better stated, “Can a transsexual maintain a case of sex
discrimination in the workplace?” The ALJ failed to consider
under what conditions may a transsexual, as a woman or man,
maintain an action for discrimination based on sex.
Petitioner argues in her exceptions that the
ALJ mischaracterizes Petitioner’s claim. The ALJ stated that
Petitioner has alleged that Respondent discriminated against her
because she is a transsexual and not because she is a woman.
Petitioner states that her claim is based on a claim of sex
(gender) discrimination as a woman where the complainant is
perceived not to conform to sex stereotypes or because the
complainant has changed sex. The Commission concludes that the
reasoning in Price Waterhouse v. Hopkins, 490 U.S. 228
(1989), applies where the court found that a claim of
discrimination could be found where a perception that a person
failed to conform to stereotyped expectations of how a “woman”
should look and behave. See, also, Oncale v. Sundowner
Offshore Oil Services, Inc., 523 U.S. 75 (1998) to show that
evils not specifically contemplated by Congress when it enacted
Title VII can still be found discriminatory. Therefore, a
transsexual, as a man or woman, may maintain an action for
discrimination based on sex.
We modify the conclusions of law
In modifying these conclusions of law of the
Administrative Law Judge, we conclude:
(1) that the conclusions of law being
modified are conclusions of law over which the Commission has
substantive jurisdiction, namely conclusions of law stating what
must be demonstrated to establish a prima facie case of unlawful
discrimination under the Florida Civil Rights Act of 1992; (2)
that the reason the modification is being made by the Commission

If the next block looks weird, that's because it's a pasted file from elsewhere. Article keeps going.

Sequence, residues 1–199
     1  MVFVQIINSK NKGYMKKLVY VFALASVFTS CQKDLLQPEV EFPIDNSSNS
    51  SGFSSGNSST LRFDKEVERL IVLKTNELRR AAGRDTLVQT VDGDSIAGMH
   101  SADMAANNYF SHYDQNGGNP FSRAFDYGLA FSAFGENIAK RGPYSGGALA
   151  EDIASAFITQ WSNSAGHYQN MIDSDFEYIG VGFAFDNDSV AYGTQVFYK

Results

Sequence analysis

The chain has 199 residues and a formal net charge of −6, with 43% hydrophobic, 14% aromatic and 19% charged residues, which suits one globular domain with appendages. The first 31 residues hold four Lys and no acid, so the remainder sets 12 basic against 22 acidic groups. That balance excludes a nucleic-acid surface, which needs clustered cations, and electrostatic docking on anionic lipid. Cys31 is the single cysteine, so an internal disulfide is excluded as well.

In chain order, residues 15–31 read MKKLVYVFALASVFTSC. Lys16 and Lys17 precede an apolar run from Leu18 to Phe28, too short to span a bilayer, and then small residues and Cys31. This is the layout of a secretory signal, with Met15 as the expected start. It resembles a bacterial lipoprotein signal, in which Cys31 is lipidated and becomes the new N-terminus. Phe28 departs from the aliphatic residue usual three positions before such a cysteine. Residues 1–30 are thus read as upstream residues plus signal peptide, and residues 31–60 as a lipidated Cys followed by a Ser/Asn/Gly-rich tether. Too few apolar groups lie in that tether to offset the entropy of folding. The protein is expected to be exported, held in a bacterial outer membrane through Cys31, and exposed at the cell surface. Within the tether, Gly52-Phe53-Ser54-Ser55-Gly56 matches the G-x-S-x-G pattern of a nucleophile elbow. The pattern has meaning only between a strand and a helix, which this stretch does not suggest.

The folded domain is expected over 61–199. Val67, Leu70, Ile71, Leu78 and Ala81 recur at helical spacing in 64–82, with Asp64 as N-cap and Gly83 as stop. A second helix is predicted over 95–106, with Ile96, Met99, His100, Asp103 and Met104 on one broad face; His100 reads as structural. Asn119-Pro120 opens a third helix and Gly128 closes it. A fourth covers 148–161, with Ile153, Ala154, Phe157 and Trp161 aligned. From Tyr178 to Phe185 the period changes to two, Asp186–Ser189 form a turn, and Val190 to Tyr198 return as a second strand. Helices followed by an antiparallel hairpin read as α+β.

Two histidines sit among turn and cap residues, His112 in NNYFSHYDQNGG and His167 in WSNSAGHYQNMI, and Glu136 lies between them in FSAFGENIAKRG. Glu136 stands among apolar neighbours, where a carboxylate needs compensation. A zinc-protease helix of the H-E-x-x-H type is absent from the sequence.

is that the conclusions of law as stated run contrary to
previous Commission decisions on the issue; and (3) that in
making these modifications the conclusions of law we are
substituting are as or more
reasonable than the conclusions of law which
have been rejected. See, Section 120.57(1)(l), Florida
We adopt the Administrative Law
Judge’s conclusions of law as modified.
Petitioner filed exceptions to the
Administrative Law Judge’s Recommended Order in an eleven page
document entitled, “Petitioner’s Exceptions to Recommended Order
of Dismissal.” Exceptions one through three dealt with the
claim for discrimination based on disability and are stricken.
Exceptions four and five relate to the claim for discrimination
based on sex and are accepted to the extent they support the
conclusions of the Commission that, as a man or woman,
transsexuals may maintain an action for sexual discrimination.
The Request for Relief and Complaint of
Discrimination on the basis of disability is DISMISSED with
The Complaint of Discrimination
on the basis of sex is hereby reinstated and a finding is made
that the Commission has jurisdiction to investigate said
complaint consistent this order.
The parties have the right to seek judicial review of this
Order. The Commission and the appropriate District Court of
Appeal must receive notice of appeal within 30 days of the date
this Order is filed with the Clerk of the Commission.
Explanation of the right to appeal is found in Section 120.68,
Florida Statutes, and in the Florida Rules of Appellate
Done and Ordered this 20th day of August, 2004.
For The Florida Commission on Human Relations.